My mother always yells back from some farthest corner of the store, “Just try on those last few things!” I wonder if perhaps I am just being an asshole. It’s probably the delirium onset from dehydration. She sounds so happy! So I try on three more things, and they are hideous, but they were the last items on hangers. Daughterly duty done.
Gratefully yank on my own pants. She dumps five more outfits over the top of the door. And when I whimper through the slatted door: please,dear god, I’m really done, I hear her sigh deeply. She says, “Well… let’s at least buy all the rest of these things, and you can try them on at home, and I’ll bring the ones you don’t like back.”
The sales woman’s eyes light up like a jackpot. I can’t see this happen, since I’m under the avalanche of clothes inside the dressing stall, but I know they do because I can hear the ding-ding-ding coming from her ears, and the flashing lights strobe the carpet near my feet.
From under the hot, sweaty pile of shitty clothes, I scream, “Get me the living fuck out of here!” I can’t open the door to escape because there are so many clothes shoved inside my stall.
My mom and the sales lady dig me out, and neither seems to understand why I refuse to let mom purchase a single item of clothing. The sales lady shoots daggers at me, cursing under her breath that I’m such a spoiled bitch and there goes her commission. I shoot daggers back – why does she think I’m the kind of person who’d be caught dead in a fishnet pink leisure suit? How about that purple/orange houndstooth shoulder-padded nightmare? Lycra jeggings with booty implants?
All the way home, Mom tries to reframe the day as ‘a learning process’ and eventually I escape to my room where I have to reconsider whether or not I should have let her spend a thousand dollars to dress me like I was Macklemore. But mostly, that afternoon drive is all about trying not to cry in front of her while as I begin the process of repressing any memory of the past twenty four hours.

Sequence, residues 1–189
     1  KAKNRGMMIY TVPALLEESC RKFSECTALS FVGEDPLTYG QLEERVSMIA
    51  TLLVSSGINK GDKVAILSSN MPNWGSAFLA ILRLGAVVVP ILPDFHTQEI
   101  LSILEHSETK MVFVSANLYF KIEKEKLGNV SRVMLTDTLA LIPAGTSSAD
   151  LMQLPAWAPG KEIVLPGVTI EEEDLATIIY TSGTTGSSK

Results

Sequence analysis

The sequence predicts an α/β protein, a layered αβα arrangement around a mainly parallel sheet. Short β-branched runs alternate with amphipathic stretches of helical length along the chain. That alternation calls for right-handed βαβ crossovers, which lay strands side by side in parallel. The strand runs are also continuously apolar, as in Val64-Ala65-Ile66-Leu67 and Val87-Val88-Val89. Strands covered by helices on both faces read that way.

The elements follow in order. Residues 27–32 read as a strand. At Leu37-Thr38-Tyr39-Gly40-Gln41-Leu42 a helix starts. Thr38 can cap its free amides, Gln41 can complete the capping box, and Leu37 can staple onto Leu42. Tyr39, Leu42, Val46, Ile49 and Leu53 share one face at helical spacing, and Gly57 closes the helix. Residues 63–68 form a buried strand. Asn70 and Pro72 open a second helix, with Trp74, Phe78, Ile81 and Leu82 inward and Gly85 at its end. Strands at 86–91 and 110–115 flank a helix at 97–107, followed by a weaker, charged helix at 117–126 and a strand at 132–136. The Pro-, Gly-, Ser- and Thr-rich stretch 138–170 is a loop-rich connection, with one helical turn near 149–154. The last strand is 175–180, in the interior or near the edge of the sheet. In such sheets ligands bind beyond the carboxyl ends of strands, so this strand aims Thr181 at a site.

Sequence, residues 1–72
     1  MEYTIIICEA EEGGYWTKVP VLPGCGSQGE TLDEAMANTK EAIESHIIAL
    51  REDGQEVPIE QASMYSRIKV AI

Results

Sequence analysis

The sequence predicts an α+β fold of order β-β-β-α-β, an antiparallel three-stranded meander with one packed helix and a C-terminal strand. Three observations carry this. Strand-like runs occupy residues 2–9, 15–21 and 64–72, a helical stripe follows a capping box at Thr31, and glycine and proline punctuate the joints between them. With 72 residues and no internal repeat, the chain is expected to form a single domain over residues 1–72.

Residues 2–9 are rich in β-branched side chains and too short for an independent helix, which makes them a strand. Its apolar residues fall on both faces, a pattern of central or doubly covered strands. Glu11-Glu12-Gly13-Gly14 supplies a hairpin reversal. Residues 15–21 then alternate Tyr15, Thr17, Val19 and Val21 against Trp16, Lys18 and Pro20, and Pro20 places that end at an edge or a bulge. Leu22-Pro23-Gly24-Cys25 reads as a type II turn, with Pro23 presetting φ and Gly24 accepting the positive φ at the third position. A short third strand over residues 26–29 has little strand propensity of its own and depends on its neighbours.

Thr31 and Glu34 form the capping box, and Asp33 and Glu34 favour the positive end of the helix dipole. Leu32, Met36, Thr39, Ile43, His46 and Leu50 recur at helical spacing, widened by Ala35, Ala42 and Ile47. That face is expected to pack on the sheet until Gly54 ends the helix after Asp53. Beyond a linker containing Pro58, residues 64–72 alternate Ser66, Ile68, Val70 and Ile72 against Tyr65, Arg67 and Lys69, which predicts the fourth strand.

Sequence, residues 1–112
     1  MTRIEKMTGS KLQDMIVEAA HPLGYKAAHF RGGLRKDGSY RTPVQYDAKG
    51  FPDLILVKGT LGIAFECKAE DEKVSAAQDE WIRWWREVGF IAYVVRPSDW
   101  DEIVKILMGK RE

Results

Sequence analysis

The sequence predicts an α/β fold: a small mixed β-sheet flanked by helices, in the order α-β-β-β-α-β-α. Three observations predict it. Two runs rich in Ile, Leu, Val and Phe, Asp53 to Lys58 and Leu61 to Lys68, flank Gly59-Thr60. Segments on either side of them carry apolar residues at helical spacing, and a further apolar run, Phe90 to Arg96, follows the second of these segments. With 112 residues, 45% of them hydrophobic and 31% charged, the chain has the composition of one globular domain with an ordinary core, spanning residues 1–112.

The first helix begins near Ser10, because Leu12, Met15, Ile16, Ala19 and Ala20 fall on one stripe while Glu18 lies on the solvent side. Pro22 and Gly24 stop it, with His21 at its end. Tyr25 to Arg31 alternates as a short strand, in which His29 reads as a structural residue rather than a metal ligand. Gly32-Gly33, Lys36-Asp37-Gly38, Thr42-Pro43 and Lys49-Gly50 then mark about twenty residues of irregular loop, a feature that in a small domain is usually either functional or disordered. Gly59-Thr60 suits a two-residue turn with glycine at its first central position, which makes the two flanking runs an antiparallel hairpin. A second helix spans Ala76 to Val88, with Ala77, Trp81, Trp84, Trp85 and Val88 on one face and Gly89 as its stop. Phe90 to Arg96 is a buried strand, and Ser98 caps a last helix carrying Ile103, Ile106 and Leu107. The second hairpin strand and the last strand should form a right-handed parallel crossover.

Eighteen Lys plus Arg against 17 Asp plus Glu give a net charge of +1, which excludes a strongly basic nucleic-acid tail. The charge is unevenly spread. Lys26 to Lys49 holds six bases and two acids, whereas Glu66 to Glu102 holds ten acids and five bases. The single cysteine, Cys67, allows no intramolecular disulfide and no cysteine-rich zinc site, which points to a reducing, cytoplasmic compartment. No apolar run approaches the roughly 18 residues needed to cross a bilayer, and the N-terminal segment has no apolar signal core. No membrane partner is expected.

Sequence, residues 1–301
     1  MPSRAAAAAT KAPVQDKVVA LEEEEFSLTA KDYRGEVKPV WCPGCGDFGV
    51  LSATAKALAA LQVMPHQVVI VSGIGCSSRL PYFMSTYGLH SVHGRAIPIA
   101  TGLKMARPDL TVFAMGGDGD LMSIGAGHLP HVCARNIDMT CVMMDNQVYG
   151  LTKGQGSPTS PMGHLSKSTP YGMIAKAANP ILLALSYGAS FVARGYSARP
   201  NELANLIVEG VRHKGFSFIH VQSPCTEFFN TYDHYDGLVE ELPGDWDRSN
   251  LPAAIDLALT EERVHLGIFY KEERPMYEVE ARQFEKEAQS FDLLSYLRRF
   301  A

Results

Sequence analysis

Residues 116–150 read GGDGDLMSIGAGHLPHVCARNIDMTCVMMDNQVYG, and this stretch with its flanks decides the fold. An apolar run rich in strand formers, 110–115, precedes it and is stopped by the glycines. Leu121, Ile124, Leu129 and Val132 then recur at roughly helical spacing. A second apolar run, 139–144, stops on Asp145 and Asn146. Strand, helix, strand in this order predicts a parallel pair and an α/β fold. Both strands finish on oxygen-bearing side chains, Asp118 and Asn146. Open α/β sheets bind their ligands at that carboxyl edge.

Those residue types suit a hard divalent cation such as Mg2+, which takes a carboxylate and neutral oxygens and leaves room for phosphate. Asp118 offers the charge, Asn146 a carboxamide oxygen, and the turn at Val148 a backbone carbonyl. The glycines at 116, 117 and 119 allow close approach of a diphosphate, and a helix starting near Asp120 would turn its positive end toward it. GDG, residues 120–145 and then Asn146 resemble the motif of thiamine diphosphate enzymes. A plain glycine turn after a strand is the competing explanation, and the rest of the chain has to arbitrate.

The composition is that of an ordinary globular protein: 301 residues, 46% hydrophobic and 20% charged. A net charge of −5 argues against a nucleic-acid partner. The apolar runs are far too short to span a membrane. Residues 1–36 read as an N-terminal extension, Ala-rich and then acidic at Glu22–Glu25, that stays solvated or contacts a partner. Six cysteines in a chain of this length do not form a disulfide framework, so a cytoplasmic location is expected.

But this time, I ask her about Dad.
“I’m sad about what’s happening,” she says. “But I know it’s also part of life.” After a moment, I tell her how I’m worried how he’ll deal with this change in his abilities. The dad of my childhood was a creature driven to excellence, aggravated by a long slope in anyone’s learning process. When I was a teenager he took me golfing. Irritated that I wasn’t that good, he decided to follow me around the golf course with a video camera, so he could show me in depth all the things I was doing wrong with my swing. Don’t think I’ve played the game since, now that I think on it.
He also once diagnosed a kid with a rare genetic anomaly by noticing her hands at a dinner party. The kid’s mom burst into tears – she’d known something was wrong, but it had taken two years before any specialist could tell her what was going on.
“Fuck you! Where were you when we didn’t know?!” She yelled at my dad when he mentioned it, full f bomb in a room full of people, not having met my dad before that day. He felt guilty. As if somehow he could’ve helped that kid by running into them sooner. How would my dad’s ego survive not being the sharpest person in the room anymore? What about not even being in the top half?
“Then you are missing the best part of your father,” she says to me. “He knows what’s happening to him. Does he seem angry to you?”
Her question makes me remember how he’d set down that second dinner plate with a smile and a shrug. He hadn’t seemed angry, only confused. I run back through the other memories of this visit. He’s stumbled on a forgotten word or lost train of thought, only to smile wanly, apparently knowing he’s lost but not how to get back to where he was. It’s always been me that’s angry and scared. Not him. In the car, my mother is crying. “Your dad has always been more than smart,” she says. “He’s a courageous fucker too.”